After several years of substitute teaching and part-time, contract work, I sat down and asked, "If I could be paid for doing something I love, what would it be?" I recalled a Peanuts strip I had placed in my high school locker. Snoopy--he of the "It was a dark and stormy night ..." school of writing--explains that he has everything he needs to become a world-famous author writing a bestseller every night after dinner: a ream of typing paper and the delusion of talent.
I still subscribe to that sentiment; however, reality led me to explore the possibility of editing. I searched the Internet and found a kindred spirit in California who shares my love and respect for language and happens to operate an editing service. He encouraged me to apply as a writer/editor. In the autumn of 1999, I received an e-mail from one of his managing editors asking if I would be interested in editing a piece on evolution. Thus began a friendship and profitable business association as a freelance editor.
The projects assigned to me tended to be small and infrequent at the beginning. After several successful submissions, my manager began to offer me first option on the more advanced science projects. Editing became a supplemental rather than a substantial source of income, but it helped to put food on the table. As Stephen King claims, that alone is sufficient to call oneself a professional. The focus was science--genetics, evolution, histology--but soon opportunities to edit business articles and topics outside biology arrived--geriatric crime, the effects of exercise, spam on the Internet, management succession, and alternative medicine. While building a reputation for quality work, I was building my confidence and my repertoire.
Editing comes naturally to me. I come from a long line of schoolteachers and have a strong background in English, history, and languages. University science (I hold a degree in genetics as well as in education) developed my vocabulary, clarity, and imagination. I remember one particular project--a report on a study of fish behaviour--that required some stylistic and copy editing. I was not responsible for the statistical component of the project (statistics is definitely not my forte), but I did notice a substantial error in the data that affected the client's conclusions. I reported this to the client and saved him from much embarrassment.
Not too long after I began to freelance, I looked upon editing as a possible career option. Still supplementing my freelance income with teaching, tutoring, and other odd jobs, I had very little time for career development. Yet I remained determined to pursue editing further. In January 2001, I established my own company, Gray Wolf Editing Services, and joined the Editors' Association of Canada . I advertised my strengths and experience in science editing and soon began to receive inquiries.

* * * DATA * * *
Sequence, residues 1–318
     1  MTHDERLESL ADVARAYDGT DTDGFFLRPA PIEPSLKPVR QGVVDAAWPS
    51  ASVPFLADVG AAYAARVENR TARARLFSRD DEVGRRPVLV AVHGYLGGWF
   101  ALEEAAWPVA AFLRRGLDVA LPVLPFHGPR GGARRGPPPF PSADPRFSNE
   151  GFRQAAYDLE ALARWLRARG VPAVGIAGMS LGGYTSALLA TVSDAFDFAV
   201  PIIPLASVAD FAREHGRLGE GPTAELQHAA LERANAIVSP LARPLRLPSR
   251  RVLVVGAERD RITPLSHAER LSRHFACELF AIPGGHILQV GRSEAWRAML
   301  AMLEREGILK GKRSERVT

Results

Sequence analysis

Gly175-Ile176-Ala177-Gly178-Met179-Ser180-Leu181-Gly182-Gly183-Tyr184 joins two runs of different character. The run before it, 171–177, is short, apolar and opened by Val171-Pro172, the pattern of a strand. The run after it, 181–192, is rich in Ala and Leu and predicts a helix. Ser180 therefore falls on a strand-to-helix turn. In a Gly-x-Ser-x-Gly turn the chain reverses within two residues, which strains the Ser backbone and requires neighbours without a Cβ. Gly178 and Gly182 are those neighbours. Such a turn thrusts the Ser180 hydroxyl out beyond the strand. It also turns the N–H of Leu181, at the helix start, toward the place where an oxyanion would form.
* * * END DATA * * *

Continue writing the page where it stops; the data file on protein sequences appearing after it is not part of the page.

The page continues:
Early in the spring, I was contracted by a professor at the University of Western Ontario to do the production editing for a collection of medical students' second-year bioethics projects. After the initial proofreading and substantive editing, the bulk of this particular job turned out to be formatting. Creating headers and footers, page numbering, indexing, referencing--these were, for the most part, new to me. Another interesting project was a photo-journal, which brought an entirely new set of challenges. Only recently has it gone to the printer in its final form. I must say now that it was close to a labour of love.
I felt a great deal of pride in presenting the students' work in the best possible form. Small changes cannot be measured by size alone. I corrected the chapter and verse of a Biblical quotation, I researched and found the original source of a quote, and I called up the students for necessary citations. Contacting students is never easy. During summer break or work co-ops, it is near impossible. But it was worth the effort. The projects were imaginative, provocative, personal, and, at times, controversial. I realized, with this project, that I had truly attained my goal of being paid for work I loved to do.
A review of my business development would be incomplete if I did not mention the aspect of independence. Shortly after I graduated in 1994, teaching jobs were rare. I started up two businesses--as an independent cosmetic dealer and as a retailer of handmade Native jewellery. The work itself was not as rewarding as the feeling of self-reliance and control over my day-to-day schedule. These enterprises lasted less than a year; the income was not worth the effort. It wasn't so much that I came through these experiences unscathed, but that I came through changed. I had tasted independence and I liked it! Freelance editing has also provided me with the opportunity to exert my independence.
I'm at a crossroad in my life at the moment. If the opportunity for full-time teaching presents itself, I would seriously consider accepting it. I love teaching. Yet the lure of editing is strong. I look forward to networking further, seeking out untapped markets, getting my name more widely known in the field, and creating a more clearly defined business plan. Getting paid for what I love to do? I cannot think of a more worthy undertaking.